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Learning JavaScript, 3rd Edition by Todd Brown

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Chapter 15. Date and Time

Most real-world applications involve working with date and time data. Unfortunately, JavaScript’s Date object (which also stores time data) is not one of the language’s best-designed features. Because of the limited utility of this built-in object, I will be introducing Moment.js, which extends the functionality of the Date object to cover commonly needed functionality.

It’s an interesting bit of history that JavaScript’s Date object was originally implemented by Netscape programmer Ken Smith—who essentially ported Java’s java.util.Date implementation into JavaScript. So it’s not entirely true that JavaScript has nothing to do with Java: if anyone ever asks you what they have to do with each other, you can say, “Well, aside from the Date object and a common syntactic ancestor, very little.”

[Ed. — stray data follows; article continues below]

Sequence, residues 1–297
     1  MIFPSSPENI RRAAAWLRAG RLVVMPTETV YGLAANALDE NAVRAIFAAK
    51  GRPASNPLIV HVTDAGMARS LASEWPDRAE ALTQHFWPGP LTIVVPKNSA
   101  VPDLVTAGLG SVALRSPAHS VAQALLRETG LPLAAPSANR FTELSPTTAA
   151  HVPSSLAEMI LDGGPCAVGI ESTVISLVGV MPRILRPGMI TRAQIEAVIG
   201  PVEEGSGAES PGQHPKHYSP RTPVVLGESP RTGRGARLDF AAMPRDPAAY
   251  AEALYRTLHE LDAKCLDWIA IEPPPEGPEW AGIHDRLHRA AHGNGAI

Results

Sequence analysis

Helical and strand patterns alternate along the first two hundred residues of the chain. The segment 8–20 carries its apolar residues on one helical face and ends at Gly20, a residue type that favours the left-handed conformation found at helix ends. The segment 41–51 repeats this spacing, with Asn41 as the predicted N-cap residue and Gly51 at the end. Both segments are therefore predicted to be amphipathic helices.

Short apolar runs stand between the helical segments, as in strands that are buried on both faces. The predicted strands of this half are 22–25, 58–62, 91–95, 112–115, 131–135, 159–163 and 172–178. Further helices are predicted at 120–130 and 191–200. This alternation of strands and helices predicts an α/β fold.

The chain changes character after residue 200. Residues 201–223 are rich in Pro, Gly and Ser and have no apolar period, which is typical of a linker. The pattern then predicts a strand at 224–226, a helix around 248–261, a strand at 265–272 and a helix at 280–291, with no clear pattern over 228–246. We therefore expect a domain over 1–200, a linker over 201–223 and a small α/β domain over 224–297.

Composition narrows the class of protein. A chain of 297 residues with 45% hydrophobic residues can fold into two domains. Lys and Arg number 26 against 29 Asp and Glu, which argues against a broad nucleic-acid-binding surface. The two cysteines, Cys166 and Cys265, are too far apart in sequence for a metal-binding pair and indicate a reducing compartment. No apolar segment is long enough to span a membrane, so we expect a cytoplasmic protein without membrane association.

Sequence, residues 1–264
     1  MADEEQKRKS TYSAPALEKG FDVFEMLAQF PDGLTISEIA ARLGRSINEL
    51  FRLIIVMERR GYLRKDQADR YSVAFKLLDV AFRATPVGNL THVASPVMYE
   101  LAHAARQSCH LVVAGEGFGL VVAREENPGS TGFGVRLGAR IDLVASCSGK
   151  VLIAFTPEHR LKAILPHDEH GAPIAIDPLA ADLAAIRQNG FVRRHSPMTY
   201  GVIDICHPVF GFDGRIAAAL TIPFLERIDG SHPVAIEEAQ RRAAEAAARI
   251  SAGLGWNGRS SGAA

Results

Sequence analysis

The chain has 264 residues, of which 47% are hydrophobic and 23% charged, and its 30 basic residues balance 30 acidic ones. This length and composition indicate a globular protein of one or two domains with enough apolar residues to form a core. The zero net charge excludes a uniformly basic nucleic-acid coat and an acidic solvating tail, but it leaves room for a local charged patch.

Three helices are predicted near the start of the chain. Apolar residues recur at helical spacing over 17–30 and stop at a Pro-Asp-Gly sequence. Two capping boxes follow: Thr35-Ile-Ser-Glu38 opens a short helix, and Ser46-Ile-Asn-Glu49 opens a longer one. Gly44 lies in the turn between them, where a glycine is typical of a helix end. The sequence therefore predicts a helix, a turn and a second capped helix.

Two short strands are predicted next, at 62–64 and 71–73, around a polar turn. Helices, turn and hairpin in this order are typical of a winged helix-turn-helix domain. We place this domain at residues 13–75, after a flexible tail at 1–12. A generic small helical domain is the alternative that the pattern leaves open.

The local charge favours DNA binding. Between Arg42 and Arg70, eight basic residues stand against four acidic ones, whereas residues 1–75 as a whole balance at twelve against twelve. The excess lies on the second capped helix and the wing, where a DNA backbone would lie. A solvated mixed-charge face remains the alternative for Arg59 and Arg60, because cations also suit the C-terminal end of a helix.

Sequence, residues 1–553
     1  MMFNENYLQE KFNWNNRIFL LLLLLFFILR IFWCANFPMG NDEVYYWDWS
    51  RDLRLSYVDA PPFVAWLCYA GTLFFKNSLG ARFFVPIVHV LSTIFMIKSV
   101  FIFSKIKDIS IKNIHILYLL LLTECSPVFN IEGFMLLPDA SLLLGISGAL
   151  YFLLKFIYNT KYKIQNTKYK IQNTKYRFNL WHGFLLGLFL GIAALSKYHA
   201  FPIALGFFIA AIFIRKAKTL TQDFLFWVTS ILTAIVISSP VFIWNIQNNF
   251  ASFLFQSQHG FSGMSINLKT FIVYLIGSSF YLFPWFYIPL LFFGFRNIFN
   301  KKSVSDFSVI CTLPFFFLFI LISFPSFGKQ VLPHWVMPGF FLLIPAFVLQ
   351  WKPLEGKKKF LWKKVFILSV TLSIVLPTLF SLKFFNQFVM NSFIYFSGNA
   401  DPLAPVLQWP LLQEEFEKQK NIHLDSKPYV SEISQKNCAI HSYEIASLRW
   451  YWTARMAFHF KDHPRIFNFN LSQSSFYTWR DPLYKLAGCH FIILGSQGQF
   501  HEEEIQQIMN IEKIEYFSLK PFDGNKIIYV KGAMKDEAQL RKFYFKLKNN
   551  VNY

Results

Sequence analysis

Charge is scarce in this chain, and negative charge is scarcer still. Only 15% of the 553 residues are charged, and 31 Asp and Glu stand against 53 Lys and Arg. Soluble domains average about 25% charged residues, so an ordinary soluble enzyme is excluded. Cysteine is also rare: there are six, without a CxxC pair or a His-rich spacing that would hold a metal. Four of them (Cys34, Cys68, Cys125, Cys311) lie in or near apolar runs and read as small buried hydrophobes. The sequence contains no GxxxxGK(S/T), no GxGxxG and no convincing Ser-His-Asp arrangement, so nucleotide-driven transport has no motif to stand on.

Because it gets tedious to keep repeating “date and time,” I will use “date” to implicitly mean “date and time.” A date without a time is implicitly 12:00 A.M. on that day.

Dates, Time Zones, Timestamps, and the Unix Epoch

Let’s face it: our modern Gregorian calendar is a fussy, overcomplicated thing, with 1-based numbering, odd divisions of time, and leap years. Time zones add even more complexity. However, it’s (mostly) universal, and we have to live with it.

We’ll start with something simple: the second. Unlike the complicated division of time in the Gregorian calendar, seconds are easy. Dates and times—as represented by seconds—are a single number, neatly ordered ...

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